This is not my first blog post on the non-motor roles of the cerebellum and, based on where research is heading, it won’t be my last! Read more
Worldwide, ADHD is seen in approximately 5.29% in the paediatric population and 3.4 % in adults. The disorder is more common in boys than girls. Read more
If it used to be thought that the cerebellum was made for movement and that the frontal cortex was made for cognitive functions, it is more and more obvious that it is not so black and white. Read more
It’s only been since just about 1998 that the cerebellum has been considered as more than just a brain part responsible for motor competencies. It was researcher Schmahmann that published three back-to-back game-changing papers in 1990, 1997 and 1998. All three investigated the role of the cerebellum in cognition, to some extent. Read more
This is not the first time and, based on recent findings in the literature, I believe it won’t be the last time I write about the non-motor roles of the cerebellum. Read more
If it’s true that we often think of the cerebellum as a motor component of the central nervous system, a body of research is emerging as to showcase its non-motor roles. The cerebellum has been most recently shown to be of interest in the cases of ADHD, major depressive disorder, anxiety disorders and more.
This blog will delve into the contributions of the cerebellum in these three scenarios.
There are three diagnostic criteria for ADHD:
- Attention deficit;
If some believe that ADHD is a dysfunction of the frontal-sub cortical pathway, structural and functional neuro imaging studies show changes in the prefrontal cortex, cingulum, basal ganglia, corpus callosum, and cerebral total volume. It is important to note that it is via motor development that these areas are supposed to sync and grow in use.
To add to this, there are multiple studies that have reported cerebellar changes in ADHD.
Castellanos et al. scanned adolescents diagnosed with ADHD (age 15-18) as well as healthy controls, to measure changes over a decade of brain anatomy and volume.
They found volumetric abnormalities with reduced cerebrum and cerebellum size that increased with age.
Major depressive disorder (MDD)
To be diagnosed with MDD, one needs to experience at least one depressive episode that may involve both motor and cognitive symptoms.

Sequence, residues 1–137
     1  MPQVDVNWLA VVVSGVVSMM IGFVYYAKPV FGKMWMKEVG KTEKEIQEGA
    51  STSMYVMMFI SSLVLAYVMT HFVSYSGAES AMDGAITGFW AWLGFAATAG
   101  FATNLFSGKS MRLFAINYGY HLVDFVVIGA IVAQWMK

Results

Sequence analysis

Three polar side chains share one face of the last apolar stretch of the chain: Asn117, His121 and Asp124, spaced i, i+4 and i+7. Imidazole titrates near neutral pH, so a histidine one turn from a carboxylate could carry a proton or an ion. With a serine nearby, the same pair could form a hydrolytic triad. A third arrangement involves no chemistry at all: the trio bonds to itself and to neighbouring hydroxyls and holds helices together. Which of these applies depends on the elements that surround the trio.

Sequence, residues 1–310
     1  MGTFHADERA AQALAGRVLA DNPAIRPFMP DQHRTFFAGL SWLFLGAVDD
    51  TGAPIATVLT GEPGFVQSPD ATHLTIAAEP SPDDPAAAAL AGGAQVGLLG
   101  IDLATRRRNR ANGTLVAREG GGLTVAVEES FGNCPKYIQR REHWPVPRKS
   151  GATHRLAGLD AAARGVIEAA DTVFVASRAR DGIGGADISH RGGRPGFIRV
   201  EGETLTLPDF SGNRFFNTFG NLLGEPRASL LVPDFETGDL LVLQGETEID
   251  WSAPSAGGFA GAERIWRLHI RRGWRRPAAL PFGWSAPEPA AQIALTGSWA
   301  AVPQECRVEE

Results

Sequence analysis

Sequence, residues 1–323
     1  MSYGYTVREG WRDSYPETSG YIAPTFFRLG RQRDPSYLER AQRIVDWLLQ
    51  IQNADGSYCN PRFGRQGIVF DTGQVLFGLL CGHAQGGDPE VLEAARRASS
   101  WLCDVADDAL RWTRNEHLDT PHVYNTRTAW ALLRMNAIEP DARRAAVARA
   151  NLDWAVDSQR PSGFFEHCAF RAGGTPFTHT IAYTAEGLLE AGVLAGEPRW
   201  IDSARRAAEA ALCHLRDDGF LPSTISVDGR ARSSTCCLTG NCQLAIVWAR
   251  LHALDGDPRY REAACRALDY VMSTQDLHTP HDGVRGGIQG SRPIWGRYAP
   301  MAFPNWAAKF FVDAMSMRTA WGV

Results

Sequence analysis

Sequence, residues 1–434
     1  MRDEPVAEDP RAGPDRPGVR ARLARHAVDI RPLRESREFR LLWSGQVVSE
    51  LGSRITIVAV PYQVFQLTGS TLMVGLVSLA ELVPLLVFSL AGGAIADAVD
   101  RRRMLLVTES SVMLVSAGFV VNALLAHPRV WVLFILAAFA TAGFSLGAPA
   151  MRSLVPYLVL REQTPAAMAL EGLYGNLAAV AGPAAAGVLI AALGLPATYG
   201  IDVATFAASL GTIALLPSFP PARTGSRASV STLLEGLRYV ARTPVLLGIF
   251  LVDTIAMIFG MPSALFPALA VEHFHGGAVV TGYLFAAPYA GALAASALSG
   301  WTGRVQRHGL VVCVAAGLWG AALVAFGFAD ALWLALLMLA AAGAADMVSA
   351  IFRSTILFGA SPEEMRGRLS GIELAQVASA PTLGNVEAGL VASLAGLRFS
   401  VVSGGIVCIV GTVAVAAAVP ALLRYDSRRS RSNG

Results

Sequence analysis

Cognitive symptoms consist of difficulty concentrating or indecisiveness. They have been often linked to the prefrontal cortex and limbic system in MDD.
To add to this, in addition to these brain regions, patients with MDD have also shown various abnormalities in the cerebellum.
Yucel et al. found a significantly smaller vermis, an area responsible for the regulation of emotion and cognition, in MDD patients compared to healthy controls.
When one considers that the vermis is responsible for posture and locomotion, it could be interesting to study the effects of a postural intervention on MDD.
Anxiety disorders are associated with excessive fear and anxiety. These disorders are often accompanied by autonomic reactions, such as muscle tension and elevated heart rate.
It has been reported that impairment of the cerebellum could be linked to a few disorders where anxiety is present, such as post traumatic stress disorder (PTSD), generalized anxiety disorder (GAD), and social anxiety disorder (SAD).
In conclusion, if one considers the possible effect that the cerebellum can have on someone’s health, maybe we should consider the relative importance of proprioception for performance, and that, on so many levels.
In order to have access to movement, the cerebellum needs to compare the difference between what we intend to do and what is actually feasible. Read more
Who would have thought that, of all things, knitting could be useful for more than comfortable sweaters? Read more
If the cerebral cortex is the brain region that best differentiates us from other species, the cerebellum is the part that is found behind the brain and it is responsible for many important functions:
– Coordination of movement: the cerebellum coordinates muscular activity so that the body can move fluidly.
– Balance: it receives data from the inner ear, which allows the cerebellum to contribute to keeping you upright.
– Vision: the cerebellum allows for coordination of ocular movements.
– Motor learning: the cerebellum helps in learning tasks such as riding a bike.
– Language and humor: we don’t know how precisely the cerebellum is involved her but we do know it is. Read more
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Mat Boulé, Osteopath, Posturologist, Educator
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